Thursday, 14 February 2019
Department of Finance
As the Deputy may be aware, section 477C of the Taxes Consolidation Act 1997 provides that the Help to Buy incentive (HTB) will expire on 31 December 2019.
As of 31 January 2019, Revenue received 23,517 applications for HTB and 10,618 claims had been made, of which 10,107 had been approved. The total estimated cost to the Exchequer of these verified claims is €147 million, of which €18.2 million represents retrospective claims (home purchases and self-builds in the period 19 July to 31 December 2016.
HTB has been subject to two formal reviews since its introduction, both carried out by Indecon Economic Consultants. The most recent of these, published in October 2018, concluded as follows:
- Prices: While there may have been a very small increase in prices attributable to the introduction of the incentive, the primary driver of house prices remains the continued misalignment between demand and supply.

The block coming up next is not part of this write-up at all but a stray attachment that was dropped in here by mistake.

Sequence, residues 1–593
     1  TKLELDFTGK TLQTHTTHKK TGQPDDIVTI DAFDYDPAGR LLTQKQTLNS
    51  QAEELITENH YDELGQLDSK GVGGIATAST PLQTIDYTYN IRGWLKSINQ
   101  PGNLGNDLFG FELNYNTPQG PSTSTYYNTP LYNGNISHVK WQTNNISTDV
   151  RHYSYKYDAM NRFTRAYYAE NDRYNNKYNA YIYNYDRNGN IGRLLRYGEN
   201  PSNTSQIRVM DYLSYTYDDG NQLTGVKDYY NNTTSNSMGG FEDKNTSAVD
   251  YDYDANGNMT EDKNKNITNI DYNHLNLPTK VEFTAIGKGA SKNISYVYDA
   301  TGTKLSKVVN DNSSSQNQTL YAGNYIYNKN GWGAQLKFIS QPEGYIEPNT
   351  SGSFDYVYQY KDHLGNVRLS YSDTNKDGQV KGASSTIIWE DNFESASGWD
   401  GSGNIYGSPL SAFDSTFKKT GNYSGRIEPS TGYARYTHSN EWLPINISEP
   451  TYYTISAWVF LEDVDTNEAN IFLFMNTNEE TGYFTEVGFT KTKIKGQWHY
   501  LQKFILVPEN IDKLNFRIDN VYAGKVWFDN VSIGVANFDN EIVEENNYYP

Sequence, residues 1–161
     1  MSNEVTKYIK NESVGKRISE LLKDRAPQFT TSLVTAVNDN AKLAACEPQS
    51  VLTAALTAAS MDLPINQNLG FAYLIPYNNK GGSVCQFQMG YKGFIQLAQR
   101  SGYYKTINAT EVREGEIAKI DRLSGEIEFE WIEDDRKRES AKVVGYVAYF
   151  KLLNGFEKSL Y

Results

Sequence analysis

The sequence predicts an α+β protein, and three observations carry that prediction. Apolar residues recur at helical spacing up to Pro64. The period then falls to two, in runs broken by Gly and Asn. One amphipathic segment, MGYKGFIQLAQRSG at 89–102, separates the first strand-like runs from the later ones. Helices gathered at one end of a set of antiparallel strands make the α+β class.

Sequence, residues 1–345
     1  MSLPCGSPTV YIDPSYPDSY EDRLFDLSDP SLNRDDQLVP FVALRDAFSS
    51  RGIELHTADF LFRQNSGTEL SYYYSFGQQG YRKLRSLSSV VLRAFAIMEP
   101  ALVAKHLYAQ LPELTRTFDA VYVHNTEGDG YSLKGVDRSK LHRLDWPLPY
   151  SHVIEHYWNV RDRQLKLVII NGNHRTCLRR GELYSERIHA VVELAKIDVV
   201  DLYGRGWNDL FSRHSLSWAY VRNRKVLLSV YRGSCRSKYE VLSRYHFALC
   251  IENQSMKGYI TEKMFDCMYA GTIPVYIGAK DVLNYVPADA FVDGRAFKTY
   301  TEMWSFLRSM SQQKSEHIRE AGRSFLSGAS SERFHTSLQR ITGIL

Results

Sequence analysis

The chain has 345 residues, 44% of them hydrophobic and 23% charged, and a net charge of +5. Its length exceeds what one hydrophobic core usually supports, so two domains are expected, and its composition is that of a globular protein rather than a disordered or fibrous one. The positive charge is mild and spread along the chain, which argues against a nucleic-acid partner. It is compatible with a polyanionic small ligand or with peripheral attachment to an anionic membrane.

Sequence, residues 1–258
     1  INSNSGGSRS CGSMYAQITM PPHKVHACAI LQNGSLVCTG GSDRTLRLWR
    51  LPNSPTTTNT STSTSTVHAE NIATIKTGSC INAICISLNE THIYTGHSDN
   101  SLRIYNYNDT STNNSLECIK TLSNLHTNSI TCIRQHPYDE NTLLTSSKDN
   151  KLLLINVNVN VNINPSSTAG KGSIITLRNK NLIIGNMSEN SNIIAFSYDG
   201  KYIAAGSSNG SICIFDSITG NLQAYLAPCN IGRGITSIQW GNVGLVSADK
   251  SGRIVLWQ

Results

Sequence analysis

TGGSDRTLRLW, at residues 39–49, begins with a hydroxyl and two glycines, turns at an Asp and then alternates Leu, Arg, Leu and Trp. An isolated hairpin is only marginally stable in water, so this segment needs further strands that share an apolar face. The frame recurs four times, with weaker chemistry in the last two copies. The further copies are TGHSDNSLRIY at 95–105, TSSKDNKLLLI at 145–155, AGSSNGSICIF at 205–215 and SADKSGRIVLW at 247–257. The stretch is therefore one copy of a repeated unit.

- Supply: The evidence suggests that following the introduction of the incentive there was a marked increase in supply which can be attributed in part to HTB.
- Affordability: The analysis also finds that availability of HTB has reduced the time to save for all claimants and improved the overall affordability of housing for these individuals.
- Benefit/Cost Ratio:The analysis finds a benefit-cost ratio of 1.28 indicating a moderate positive effect for the incentive but note that if the price of new HTB units was to increase due to the incentive, the net benefit would be reduced.
As would be normal, the role of the incentive will be examined in the context of the forthcoming Budget and Finance Bill process. It would be premature at this point to anticipate the outcome of that examination.